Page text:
Using the Demy Digital Recipe Reader
In May, SE'r Hilfy posted with excitement that she got a Demy digital recipe reader for her birthday. I asked her to share her experience with it after she had some time to use it. Today, Jen Blacker posted a follow-up Talk thread asking for that Demy review. Whoomp, here it is! —AK
When my mother-in-law emailed me a link to the Demy site and asked if I wanted one for my birthday, I couldn't say YES fast enough. I'm a lazy recipe organizer. I've got recipes squirreled away in many different formats—cookbooks, pages cut from magazines, email, docs and text files, 3-by-5 cards, etc. Makes it hard to remember what I've got when I'm looking for something different to make. Then along comes the Demy.
Here's what came in the box. Apparently, the one I got was some sort of "Taste of Home" special edition that came with more memory. It says it can store up to 10,000 recipes (Let's see... If I start cooking now...). It also came with a power transformer (5-foot cord), a 3-foot mini B USB cable, and two screen protectors.
So, now I've had a little time to play with it. As you may know, it works in conjunction with a site called Key Ingredient, where you input, store, and organize all your recipes. The recipes and cookbooks you make on the site are downloaded to the Demy by synchronizing software that you install on your home system. After some use, I still feel that it will be a fun tool for me and that having everything in one spot will lead to getting to try out more new recipes.
- Clunky, chunky, sturdy construction, but light enough to be comfortable with in an easy chair
- Came with an AC adapter, so I really don't need to worry about batteries
- This one will certainly hold ALL the recipes and food pictures I could possibly want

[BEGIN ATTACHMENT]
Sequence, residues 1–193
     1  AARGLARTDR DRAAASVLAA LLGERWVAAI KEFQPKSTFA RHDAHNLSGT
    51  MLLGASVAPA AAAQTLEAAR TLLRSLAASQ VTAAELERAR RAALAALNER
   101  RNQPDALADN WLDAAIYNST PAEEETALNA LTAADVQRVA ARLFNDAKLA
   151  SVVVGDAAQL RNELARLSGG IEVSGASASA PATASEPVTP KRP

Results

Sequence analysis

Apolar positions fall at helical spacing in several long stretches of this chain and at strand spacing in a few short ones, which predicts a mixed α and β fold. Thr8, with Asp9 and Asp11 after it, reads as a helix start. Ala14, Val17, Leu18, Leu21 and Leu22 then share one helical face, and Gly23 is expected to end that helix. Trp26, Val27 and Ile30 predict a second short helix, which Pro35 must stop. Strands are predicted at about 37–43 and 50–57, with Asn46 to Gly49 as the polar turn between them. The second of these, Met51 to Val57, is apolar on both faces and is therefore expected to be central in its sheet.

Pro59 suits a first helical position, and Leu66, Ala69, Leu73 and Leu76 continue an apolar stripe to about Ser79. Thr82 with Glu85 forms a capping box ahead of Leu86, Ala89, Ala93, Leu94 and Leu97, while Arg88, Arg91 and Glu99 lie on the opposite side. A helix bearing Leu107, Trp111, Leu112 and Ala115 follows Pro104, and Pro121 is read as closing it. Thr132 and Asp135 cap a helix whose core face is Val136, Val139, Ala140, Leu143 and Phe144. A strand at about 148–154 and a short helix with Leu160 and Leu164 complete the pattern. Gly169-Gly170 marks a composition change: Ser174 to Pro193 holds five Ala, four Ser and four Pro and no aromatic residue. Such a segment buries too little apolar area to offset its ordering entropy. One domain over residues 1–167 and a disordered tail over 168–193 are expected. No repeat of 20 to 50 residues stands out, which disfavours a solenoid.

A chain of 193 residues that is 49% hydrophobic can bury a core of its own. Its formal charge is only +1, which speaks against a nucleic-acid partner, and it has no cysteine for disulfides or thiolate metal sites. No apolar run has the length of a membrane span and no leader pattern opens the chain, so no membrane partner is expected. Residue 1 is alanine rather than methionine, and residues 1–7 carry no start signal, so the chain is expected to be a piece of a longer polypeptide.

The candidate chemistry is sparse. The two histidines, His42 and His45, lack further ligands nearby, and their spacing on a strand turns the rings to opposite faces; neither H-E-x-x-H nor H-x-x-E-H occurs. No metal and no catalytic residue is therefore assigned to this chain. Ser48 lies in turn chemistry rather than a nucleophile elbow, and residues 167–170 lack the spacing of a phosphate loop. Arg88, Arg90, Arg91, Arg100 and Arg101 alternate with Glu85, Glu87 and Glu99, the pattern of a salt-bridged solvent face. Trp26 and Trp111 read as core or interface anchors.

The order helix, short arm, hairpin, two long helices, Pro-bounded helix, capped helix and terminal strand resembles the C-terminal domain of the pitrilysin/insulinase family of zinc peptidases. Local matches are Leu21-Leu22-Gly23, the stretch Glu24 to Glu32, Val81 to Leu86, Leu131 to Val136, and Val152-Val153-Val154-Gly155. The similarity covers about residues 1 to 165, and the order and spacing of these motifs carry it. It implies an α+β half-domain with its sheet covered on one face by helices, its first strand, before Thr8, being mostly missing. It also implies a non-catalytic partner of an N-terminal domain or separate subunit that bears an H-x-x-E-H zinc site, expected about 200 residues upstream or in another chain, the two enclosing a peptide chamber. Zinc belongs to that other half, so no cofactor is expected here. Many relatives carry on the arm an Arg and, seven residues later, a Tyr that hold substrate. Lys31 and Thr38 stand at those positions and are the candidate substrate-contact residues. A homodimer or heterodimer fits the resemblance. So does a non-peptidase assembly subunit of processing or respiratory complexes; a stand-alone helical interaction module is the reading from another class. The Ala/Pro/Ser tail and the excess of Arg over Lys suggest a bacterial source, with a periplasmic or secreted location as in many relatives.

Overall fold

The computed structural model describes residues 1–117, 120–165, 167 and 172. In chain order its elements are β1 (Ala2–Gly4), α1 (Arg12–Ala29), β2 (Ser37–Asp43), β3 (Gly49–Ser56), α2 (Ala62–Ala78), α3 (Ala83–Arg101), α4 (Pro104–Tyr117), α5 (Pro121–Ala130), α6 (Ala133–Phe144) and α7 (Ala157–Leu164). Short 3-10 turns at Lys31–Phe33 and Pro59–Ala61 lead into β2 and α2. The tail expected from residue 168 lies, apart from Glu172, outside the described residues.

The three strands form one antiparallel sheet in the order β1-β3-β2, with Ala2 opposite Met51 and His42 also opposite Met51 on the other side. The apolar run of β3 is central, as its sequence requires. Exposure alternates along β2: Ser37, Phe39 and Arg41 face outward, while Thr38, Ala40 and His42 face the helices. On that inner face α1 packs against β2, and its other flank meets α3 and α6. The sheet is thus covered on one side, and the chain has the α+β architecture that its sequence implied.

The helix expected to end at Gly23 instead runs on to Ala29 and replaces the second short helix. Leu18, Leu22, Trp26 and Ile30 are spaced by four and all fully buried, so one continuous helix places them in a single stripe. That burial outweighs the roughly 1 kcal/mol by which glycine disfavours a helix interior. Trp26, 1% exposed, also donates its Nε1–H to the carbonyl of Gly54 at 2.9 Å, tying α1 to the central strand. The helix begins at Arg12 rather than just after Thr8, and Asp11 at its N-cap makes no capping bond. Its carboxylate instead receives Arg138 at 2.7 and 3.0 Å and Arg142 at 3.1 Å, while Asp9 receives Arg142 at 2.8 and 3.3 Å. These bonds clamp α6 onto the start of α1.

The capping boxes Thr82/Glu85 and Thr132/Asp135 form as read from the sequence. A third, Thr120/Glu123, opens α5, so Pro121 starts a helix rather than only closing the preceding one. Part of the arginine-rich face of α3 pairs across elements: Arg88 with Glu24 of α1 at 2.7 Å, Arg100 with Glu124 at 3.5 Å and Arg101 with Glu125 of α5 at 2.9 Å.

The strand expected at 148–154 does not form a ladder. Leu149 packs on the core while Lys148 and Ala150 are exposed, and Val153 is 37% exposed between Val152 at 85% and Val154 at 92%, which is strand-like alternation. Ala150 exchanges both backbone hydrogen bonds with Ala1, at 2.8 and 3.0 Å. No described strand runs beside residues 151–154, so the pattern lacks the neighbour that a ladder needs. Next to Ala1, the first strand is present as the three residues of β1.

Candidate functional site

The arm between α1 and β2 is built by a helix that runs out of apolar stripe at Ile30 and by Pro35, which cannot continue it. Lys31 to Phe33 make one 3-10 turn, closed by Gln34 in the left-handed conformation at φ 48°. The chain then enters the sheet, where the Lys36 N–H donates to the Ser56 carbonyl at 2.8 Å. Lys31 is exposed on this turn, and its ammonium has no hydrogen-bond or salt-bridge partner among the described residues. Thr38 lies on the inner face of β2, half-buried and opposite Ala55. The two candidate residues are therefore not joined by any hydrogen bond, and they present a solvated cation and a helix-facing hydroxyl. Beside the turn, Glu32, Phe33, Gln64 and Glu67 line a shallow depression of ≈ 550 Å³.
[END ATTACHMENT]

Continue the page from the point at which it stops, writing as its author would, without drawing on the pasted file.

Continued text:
- It knows which way is up, so if the screen is upside down, just pick it up and give it a few twists
- The short list for when you need several recipes at a time is a nice feature
- At first, the synching software needed to be massaged to work properly on systems that had multiple user profiles, but they just sent out a software upgrade so that the synching software now allows use with more than one profile
- Cookbook sections that you spend time making on the Key Ingredient site do not download into the Demy (You have got to be kidding me!)
- There is no search function on the Demy, so you're stuck browsing (that's why use in an easy chair is important). The index button brings up a keyboard where you can jump to the first letter of a recipe. I can see this being a major issue once I get the thing fairly loaded. It will be important to keep things organized into narrowly defined cookbooks to cut down the amount of recipes to browse though
- The Demy does not make use of the recipe tags
- Getting the pre-installed cookbooks removed required not only the necessary email to the help desk, but also a Demy support email when the synching process did not remove them as it should have. They are gone now and support did get back within a day and fixed the problem that was on the Key Ingredient website
Key Ingredient Pros
- Your recipes can be private, public or friends only - your recipes can be open for copying or locked, your recipes can have tags
- Your recipes can have a picture and a description along with the usual recipe stuff
- You can import your recipes from files if they are in MasterCook XML (MX2) format
- You can import your recipes from your blog
- You can search inside your cookbooks
Key Ingredient Cons
- Search functions on the site are so rudimentary that they are nearly useless (I have sent them some feedback on this asking if upgrades are planned and suggesting Recipzaar as a model). You'd think since the Demy really has no search that the search engines on the site would be more robust
- Once you have search results, there are no ways to refine your search or even sort the results
- Search by ingredient and search by tag bring up a "cloud" page of links that is not likely to have the particular tag or ingredient you are looking for on it (Totally useless!)
I have cooked with it now, and I like it for cooking. I made Julia Child's beef bourguignon using it to read the recipe. It's easy to read from the counter and with the screen protector, I can use my greasy paws to scroll without worry. I can see why they made it so it sits two different ways. Straight up is good when you're using it on a computer, on its back is better when you're cooking with it.
I've got about 100 recipes in it now and have hit the point where I'm going to have to scan/OCR recipes for it. Ah, the tedium... oh well, it's WORTH it!